Dear Dr. Dog: I haven’t been very pro-active in taking care of my four-year-old dog’s teeth. How important is this to her overall health and what do I need to do to prevent problems?
Kudos to you for being concerned about your dog’s dental health! This is one of the most important aspects of caring for the overall health of any dog or cat (or human). At the risk of overusing a cliché, the mouth is truly the gateway to the body. Everything that is eaten and virtually all the air that is breathed goes in through this route.
In the most fundamental ways, dental care in our pets is the same as it is for you and me. Oral bacteria and salivary proteins — which stick to the teeth and constitute what is referred to as “plaque”— don’t know or care whether they are in a dog’s or cat’s or human’s mouth: it’s essentially the same plaque layer.
So long as plaque is present on the teeth, minerals from the saliva will get deposited into it. As minerals collect within the plaque, it begins to harden and is referred to as “tartar.” At first, the tartar layer is only as thick as the plaque layer was to begin with. But, of course, plaque continues forming on the surface of the tartar, which then hardens into an even thicker layer that continues to build up. Over time, a dog’s teeth can start to look pretty, well, not pretty.
As tartar continues to accumulate, and bacteria harbored within it remain in constant contact with the edge of gums and also begin building up beneath the edge of gum where they are in contact with the jaw bone. This causes thegums to become infected and begin detaching from the side of the tooth, exposing the underlying jawbone and tooth roots to infection. This, in short, describes the progression of periodontal disease (PD), and PD eventually results in pain and tooth loss, as well as more serious long-term risks involving bacteria in the infected gums entering the bloodstream and spreading to other vital organs.
So, is oral health important in dogs? Absolutely. This is as central a part of preventive health care as giving him vaccinations or taking his once-a-month heartworm preventative tablet.
There are several things to keep in mind:
- First, learn the simple task of brushing your pet’s teeth. For a description of how to do this easily in dogs, visit http://webvets.com/PDFs/Mouth_Hygene_going_to_the_dogs.pdf.
- Second, I strongly suggest feeding a tartar control food like Prescription Diet t/d or Science Diet Oral Health. These especially hard foods clean the teeth better than regular hard food. And according to at least one study, Prescription Diet t/d resulted in 75% less tartar accumulation over time. This is what I feed my own dog. (In the interest of full disclosure: I have no personal investment in this dog food company, though our office carries this food, as do most veterinary offices.)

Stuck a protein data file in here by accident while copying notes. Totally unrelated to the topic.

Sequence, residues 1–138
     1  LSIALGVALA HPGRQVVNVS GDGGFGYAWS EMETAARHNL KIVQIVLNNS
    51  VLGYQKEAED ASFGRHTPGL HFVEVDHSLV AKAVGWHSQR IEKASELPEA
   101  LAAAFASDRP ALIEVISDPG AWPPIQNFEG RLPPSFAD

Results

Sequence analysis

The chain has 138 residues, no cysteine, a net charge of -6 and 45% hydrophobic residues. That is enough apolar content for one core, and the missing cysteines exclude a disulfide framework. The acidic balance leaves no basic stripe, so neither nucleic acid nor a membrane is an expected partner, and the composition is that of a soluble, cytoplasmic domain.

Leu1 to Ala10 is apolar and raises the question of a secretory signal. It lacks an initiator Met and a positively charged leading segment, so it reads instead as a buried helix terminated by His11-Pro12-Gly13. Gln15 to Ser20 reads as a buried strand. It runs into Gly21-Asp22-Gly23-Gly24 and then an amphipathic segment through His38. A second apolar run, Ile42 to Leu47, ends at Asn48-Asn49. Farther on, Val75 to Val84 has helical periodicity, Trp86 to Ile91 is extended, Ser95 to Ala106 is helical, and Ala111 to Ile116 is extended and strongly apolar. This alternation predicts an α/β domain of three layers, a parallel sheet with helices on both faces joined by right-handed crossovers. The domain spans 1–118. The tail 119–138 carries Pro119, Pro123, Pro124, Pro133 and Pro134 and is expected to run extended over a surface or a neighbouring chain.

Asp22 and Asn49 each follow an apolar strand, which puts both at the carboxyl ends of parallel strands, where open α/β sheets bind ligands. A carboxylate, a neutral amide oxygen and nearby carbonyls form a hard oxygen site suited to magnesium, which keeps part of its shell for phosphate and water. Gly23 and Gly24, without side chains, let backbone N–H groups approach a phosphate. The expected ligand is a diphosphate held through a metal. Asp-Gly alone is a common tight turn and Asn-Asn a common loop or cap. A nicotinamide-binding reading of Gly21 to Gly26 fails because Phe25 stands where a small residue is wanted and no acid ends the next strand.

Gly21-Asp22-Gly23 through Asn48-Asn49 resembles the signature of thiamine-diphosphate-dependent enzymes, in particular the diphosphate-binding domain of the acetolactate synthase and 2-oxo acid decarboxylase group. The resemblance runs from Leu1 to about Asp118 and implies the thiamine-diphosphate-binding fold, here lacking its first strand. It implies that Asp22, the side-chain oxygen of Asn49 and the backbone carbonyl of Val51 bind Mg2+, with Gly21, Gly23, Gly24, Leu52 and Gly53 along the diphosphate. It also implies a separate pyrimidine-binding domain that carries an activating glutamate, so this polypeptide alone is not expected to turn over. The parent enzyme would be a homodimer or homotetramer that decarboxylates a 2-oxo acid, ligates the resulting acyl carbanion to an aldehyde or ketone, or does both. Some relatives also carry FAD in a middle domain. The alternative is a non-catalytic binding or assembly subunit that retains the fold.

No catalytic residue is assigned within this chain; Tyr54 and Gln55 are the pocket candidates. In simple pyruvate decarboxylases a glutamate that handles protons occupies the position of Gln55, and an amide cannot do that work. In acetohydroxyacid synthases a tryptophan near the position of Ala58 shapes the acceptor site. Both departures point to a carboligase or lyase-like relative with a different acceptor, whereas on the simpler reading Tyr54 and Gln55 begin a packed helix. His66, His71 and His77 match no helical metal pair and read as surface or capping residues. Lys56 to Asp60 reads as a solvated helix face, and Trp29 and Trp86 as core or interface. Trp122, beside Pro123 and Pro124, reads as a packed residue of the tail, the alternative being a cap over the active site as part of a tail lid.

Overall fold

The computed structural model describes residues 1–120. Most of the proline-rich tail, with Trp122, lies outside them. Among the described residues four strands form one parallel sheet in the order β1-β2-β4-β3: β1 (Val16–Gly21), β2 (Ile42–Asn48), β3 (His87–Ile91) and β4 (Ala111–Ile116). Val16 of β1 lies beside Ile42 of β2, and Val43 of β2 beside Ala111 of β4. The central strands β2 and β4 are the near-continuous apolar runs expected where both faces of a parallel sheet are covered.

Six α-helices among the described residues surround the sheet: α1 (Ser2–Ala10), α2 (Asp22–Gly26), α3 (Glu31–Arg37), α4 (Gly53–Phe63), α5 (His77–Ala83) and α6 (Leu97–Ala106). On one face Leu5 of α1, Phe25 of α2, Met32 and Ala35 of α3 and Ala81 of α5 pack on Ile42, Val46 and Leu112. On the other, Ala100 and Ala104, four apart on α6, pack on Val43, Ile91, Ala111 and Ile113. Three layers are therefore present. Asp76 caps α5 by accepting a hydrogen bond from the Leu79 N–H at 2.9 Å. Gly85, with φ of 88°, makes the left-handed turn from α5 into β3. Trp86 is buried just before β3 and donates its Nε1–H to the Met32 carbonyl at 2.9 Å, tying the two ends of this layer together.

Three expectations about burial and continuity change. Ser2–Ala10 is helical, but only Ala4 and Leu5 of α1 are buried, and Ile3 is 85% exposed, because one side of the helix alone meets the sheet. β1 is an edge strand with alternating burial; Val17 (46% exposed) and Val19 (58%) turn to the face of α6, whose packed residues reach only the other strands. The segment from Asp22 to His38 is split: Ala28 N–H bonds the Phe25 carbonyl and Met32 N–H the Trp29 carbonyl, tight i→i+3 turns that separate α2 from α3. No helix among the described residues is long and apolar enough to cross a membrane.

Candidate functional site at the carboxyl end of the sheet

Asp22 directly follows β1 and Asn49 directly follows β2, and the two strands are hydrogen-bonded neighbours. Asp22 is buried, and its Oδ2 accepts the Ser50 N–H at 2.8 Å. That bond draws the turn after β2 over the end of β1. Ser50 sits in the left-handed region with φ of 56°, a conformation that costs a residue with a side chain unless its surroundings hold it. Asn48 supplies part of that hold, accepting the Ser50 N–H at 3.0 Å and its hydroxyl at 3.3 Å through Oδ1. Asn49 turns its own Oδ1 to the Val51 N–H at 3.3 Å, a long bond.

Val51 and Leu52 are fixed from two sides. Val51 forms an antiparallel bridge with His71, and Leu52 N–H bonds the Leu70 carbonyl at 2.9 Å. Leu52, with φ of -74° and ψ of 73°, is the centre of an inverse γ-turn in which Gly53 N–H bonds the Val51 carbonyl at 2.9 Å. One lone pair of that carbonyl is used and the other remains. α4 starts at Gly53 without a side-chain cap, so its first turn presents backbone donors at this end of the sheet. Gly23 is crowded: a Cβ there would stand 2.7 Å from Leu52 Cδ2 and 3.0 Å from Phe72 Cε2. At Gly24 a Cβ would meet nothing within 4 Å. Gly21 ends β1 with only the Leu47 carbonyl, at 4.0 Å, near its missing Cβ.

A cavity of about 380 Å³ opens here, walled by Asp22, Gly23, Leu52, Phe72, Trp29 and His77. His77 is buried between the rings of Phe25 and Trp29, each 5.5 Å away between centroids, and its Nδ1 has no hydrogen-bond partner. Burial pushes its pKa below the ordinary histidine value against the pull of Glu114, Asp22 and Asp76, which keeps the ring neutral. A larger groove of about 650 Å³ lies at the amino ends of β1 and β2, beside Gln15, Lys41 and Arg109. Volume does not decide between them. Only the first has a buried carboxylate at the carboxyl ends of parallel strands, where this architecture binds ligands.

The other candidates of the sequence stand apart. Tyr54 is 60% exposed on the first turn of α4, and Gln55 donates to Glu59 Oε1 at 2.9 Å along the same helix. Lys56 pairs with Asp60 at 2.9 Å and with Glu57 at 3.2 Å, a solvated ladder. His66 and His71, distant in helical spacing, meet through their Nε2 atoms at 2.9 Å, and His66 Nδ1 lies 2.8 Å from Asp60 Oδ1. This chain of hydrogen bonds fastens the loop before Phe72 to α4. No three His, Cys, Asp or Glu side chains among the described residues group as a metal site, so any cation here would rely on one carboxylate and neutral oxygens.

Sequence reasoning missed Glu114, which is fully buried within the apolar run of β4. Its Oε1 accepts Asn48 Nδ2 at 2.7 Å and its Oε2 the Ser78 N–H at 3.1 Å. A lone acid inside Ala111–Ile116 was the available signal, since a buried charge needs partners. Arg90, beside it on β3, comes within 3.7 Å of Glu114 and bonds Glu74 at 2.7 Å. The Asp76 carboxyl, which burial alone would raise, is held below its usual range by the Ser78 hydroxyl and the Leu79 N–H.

- Third, give your dog plenty of veterinary-approved dental chew toys. There are even rawhide chews for dogs that are impregnated with Chlorhexidine. Chlorhexidine is a fantastic antiseptic that is found in some human mouth rinses. The Chlorhexiden helps reduce bacterial numbers in the mouth, and because bacteria are part of the initial plaque layer that accumulates on the teeth, keeping the number of bacteria down helps prevent plaque from forming in the first place, and thereby helps prevent the whole series of events that ultimately leads to PD.
- Finally, whenever your pet is under anesthesia for any reason, ask your veterinarian if a teeth cleaning can be done at the same time. This is the ideal opportunity to have a gentle, yet thorough, cleaning performed on all surfaces of the teeth, including below the gum line where PD occurs. It also gives your veterinarian the chance to polish the enamel after cleaning so it is as smooth as possible, making it difficult for plaque to adhere in the future.
Remember: without a healthy mouth – “the gateway to the body” – your dog can never be completely healthy.
Dr. Franklin Utchen has been practicing veterinary medicine in San Ramon since 1989 and currently co-owns Bishop Ranch Veterinary Center & Urgent Care. His special interests include Orthopedic and Soft Tissue Surgery, Internal Medicine, Emergency/Critical Care, Dentistry, and Anesthesiology/Pain Management. Wish questions or comments, email firstname.lastname@example.org.